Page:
Then we get some major incident like a world war ..and the model goes in the bin.
cos all those assumptions you made before are changed..you have to spend billions on the war, but that brings technological breakthrough, then you have full employment cos of the rebuilding, then you get first a population decrease, then you get a population boom as people have more babies etc .

With 50 year global warming projection models the error bars must be massive.
There you are deciding whether to spend 1 trillion or 2 trillion on measures yet that amount of spending effects the whole economy itself.
We talk about projecting malaria deaths they could be between zero, cos we get a prevention under control with new tech etc.
or levels higher than today cos of some global warming and a magic new strain.
Have models predicted AIDs accurately or Ebola ?
What about if fusion comes on line in 15 years or never ?

#2 The issue is not about a 1C world, a 2C world, a 3C world as we can adapt
So who cares too much about the different economies 1C, 2C etc. ?
... but tipping point into irreversible catastrophe is a whole different thing.

"Catastrophe or not Catastrophe ?" that is the question

- proof of catastrophe : slam the brakes on, CO2 zero, do the geoengineering
- Magic solution like fusion or working CCS comes up ..job done.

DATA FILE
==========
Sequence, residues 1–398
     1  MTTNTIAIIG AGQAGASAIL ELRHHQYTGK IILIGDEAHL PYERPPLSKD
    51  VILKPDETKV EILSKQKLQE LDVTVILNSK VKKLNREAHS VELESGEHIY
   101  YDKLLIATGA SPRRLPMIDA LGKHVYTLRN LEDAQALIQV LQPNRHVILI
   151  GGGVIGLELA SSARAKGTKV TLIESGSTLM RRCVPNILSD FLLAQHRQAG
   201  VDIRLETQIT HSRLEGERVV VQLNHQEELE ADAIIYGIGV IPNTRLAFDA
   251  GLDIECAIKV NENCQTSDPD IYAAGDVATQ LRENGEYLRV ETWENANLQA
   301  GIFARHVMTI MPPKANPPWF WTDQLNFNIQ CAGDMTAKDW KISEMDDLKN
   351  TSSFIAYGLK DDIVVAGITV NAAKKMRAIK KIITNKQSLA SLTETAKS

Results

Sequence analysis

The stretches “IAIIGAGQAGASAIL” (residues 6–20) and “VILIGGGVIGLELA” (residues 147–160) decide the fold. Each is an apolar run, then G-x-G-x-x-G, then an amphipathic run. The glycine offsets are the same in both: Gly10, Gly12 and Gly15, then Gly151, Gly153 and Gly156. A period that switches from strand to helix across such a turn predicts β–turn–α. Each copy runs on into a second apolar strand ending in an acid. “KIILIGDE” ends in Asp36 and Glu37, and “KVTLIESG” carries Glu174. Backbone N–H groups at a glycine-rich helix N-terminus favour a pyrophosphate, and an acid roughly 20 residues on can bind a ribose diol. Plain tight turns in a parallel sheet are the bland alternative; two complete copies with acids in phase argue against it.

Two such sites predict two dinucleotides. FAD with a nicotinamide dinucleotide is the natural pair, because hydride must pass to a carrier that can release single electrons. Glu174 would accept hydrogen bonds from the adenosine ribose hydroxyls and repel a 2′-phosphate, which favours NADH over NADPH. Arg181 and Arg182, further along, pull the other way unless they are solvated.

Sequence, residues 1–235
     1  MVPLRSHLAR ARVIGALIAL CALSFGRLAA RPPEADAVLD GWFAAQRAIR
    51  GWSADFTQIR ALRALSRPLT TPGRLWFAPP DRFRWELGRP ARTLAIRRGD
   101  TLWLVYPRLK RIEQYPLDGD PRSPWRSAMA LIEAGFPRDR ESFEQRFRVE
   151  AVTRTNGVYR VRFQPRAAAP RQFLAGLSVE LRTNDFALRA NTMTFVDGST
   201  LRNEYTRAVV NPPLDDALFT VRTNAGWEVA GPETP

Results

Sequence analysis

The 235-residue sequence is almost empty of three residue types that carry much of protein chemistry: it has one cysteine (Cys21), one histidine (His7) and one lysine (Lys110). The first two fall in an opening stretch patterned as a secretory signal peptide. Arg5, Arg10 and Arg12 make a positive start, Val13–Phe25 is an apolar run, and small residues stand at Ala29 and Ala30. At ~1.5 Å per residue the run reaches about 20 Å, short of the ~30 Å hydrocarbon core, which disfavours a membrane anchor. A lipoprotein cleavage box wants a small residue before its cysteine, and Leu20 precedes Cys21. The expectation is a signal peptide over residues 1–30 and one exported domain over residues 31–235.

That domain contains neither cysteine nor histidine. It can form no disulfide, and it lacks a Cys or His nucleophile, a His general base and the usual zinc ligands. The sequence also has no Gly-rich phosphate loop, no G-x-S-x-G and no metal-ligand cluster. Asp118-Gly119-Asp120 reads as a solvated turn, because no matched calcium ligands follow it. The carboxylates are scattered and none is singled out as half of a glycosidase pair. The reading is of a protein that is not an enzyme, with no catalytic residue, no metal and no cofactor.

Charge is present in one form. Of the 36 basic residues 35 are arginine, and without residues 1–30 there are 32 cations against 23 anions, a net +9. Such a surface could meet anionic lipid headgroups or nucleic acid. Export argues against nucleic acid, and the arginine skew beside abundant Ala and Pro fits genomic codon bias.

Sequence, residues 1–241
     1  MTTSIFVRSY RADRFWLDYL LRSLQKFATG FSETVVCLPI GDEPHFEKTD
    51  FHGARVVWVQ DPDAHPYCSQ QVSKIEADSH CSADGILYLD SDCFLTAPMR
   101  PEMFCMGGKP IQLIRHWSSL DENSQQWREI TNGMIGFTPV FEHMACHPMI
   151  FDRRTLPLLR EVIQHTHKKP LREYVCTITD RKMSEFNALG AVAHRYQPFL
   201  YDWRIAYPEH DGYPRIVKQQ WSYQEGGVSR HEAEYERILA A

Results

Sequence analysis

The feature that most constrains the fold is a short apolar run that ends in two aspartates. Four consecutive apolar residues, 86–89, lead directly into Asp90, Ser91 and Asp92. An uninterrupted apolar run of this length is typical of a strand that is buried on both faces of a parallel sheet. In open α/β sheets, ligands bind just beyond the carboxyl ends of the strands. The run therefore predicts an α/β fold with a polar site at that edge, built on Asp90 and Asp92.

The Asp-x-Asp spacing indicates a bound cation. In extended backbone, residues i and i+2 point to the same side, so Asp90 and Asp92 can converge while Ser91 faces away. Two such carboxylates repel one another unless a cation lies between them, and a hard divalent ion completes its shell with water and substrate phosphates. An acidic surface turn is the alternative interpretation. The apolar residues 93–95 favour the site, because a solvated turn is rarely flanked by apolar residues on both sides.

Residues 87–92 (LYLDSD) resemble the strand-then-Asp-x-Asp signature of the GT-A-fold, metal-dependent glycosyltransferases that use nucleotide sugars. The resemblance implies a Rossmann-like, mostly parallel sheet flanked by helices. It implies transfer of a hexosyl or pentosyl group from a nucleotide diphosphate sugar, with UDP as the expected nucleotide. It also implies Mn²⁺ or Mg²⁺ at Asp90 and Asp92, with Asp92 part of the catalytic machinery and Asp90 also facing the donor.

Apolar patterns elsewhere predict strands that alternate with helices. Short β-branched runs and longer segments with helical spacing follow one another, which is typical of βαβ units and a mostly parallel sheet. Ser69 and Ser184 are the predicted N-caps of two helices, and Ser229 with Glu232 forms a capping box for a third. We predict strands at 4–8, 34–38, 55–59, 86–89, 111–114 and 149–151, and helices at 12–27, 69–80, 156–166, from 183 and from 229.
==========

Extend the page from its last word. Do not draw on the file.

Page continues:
The alarmists ROMANTIC thinking seems to be "but if we move out of fossil fuels NOW then it doesn't matter what the true science of CO2 is".
Now that is the crucial model : That would pretty much show us that all out nuclear low CO2 might be possible, but with wind/solar dream you'll never get there in a million years.

Nov 18, 2015 at 4:49 AM | Registered Commenterstewgreen

stewgreen:

#1 And think I have spotted a huge flaw *
..about using the phrase "all other things being equal" or as Tol said "and everything else is as it is now"

Well it's not possible is it ? ..so long term modelling of situations which have complex self referencing components is pretty rubbish.

That was about his estimations regarding malaria, not anything I have discussed. You can't just apply a comment in one discussion to published papers written years before that comment was even made.

Tol's error is not so much the maths, but in failing to say "The error bars on such models are so huge as to render them pretty useless"